Motorola: Making Moto Cool Again


In 2004, Motorola, a company with an 80+ year heritage, was more proud of its past than its present. It had a history of firsts… the first car radio, the first walkie-talkie, and then in 1996, the introduction of the StarTAC cellphone which was so popular it enabled Motorola to own more than half the global cellphone market. But in 1998, Nokia zoomed past Motorola in global marketshare, because Motorola was slow to move to digital technology from analog and ignored style and design. How do you revitalize a once iconic brand and company around the world…a brand that was known as innovative and cutting edge, but then became out of touch and uncool.

Enter Ed Zander, the first CEO who was brought in from outside the company. During an R&D review of new products one item stood out to him and the CMO: an ultra slim cellphone that looked very different from previous versions. It was decided to make this the focus of marketing and communications efforts at Motorola. It was named the RAZR, and a star was born. The new product took off following initial launch communications. But how do you sustain the momentum?


The RAZR was successfully launched as a new and exciting technology product. To further fuel the revitalization of the brand and move from “geek to chic,” the following corporate communications strategies were put in place:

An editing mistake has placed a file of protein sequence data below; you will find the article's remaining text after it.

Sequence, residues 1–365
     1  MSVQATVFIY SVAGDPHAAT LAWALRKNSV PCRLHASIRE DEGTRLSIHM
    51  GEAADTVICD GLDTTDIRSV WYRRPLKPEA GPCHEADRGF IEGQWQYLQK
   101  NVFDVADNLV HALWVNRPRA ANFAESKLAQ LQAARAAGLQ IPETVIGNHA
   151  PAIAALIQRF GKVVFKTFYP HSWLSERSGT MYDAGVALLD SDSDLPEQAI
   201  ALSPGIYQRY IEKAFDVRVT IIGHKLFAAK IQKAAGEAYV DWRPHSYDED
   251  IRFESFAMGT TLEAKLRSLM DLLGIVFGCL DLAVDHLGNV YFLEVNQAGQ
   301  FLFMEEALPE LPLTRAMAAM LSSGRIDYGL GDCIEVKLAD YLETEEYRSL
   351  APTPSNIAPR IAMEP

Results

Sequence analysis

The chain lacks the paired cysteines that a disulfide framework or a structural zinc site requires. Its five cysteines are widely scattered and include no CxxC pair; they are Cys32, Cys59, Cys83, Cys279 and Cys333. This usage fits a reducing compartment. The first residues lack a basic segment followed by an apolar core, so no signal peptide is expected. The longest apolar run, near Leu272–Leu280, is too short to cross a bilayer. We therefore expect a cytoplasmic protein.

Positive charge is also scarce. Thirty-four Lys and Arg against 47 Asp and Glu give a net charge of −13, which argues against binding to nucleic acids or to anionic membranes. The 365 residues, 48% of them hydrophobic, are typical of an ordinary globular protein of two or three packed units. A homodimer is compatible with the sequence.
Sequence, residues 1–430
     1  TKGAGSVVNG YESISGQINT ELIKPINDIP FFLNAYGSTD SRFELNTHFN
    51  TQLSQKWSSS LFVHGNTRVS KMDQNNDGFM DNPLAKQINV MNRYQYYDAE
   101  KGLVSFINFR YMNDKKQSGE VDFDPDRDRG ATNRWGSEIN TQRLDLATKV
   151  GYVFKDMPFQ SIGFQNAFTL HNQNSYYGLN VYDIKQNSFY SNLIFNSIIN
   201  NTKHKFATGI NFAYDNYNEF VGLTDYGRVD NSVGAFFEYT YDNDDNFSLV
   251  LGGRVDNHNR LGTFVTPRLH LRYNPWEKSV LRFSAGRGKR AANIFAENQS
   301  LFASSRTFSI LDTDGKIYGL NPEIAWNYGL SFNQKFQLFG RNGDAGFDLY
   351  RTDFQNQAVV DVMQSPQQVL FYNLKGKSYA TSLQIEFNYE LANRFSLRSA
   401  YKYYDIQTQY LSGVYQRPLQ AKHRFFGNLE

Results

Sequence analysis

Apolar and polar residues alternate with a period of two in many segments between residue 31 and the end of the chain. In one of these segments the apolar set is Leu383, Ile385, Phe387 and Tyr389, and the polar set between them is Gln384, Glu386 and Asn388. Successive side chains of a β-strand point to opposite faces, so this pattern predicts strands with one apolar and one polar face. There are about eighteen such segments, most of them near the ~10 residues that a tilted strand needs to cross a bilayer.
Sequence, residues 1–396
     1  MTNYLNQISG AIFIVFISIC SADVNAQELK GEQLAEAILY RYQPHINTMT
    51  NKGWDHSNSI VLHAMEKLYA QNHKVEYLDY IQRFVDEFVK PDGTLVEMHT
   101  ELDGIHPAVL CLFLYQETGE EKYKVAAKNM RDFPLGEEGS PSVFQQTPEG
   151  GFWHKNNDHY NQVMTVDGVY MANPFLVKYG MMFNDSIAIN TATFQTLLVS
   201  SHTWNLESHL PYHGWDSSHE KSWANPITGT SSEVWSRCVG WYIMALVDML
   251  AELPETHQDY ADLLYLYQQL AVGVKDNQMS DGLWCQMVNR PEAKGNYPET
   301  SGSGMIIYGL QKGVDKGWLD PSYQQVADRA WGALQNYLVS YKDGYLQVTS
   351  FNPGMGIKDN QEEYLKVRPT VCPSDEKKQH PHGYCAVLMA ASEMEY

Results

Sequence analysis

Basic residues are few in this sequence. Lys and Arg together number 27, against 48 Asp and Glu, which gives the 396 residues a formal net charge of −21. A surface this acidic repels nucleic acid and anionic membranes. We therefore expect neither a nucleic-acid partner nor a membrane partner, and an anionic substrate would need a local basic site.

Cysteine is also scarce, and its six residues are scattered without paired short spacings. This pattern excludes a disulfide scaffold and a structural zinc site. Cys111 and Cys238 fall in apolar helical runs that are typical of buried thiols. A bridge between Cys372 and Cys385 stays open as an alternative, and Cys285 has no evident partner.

– Media campaign with key select outlets: cover stories in Barron’s, Business Week;
Forbes, Fortune, WSJ/Boss Talk, Reuters, CEO of the Year by Dow Jones Market
Watch, CNBC, Charlie Rose.
– Extensive program of speaking engagements at international though-leader venues such
as the World Economic Forum at Davos, MIT and China’s Tsinghua University.
– MOTOFRWD (Moto Forward), Motorola’s first program designed for college students, an
 influential target audience. The on-campus competition, propelled by social media,
challenged students to develop the future of Seamless Mobility. Program launched in the 
US, and then rolled out to UK, France, Germany, India and China.
– Re-engineering of financial communications, earnings releases and annual report.
– Comprehensive internal i’MOTO campaign worldwide, including the launch of new
values,to engage all employees.


– Led all competitors in positive media share of voice worldwide from 19 percent in 2004 to
31 percent in 2005.
– Motorola moved to #3 from #5 on “Fortune’s Most Admired” list in its industry category in
one year.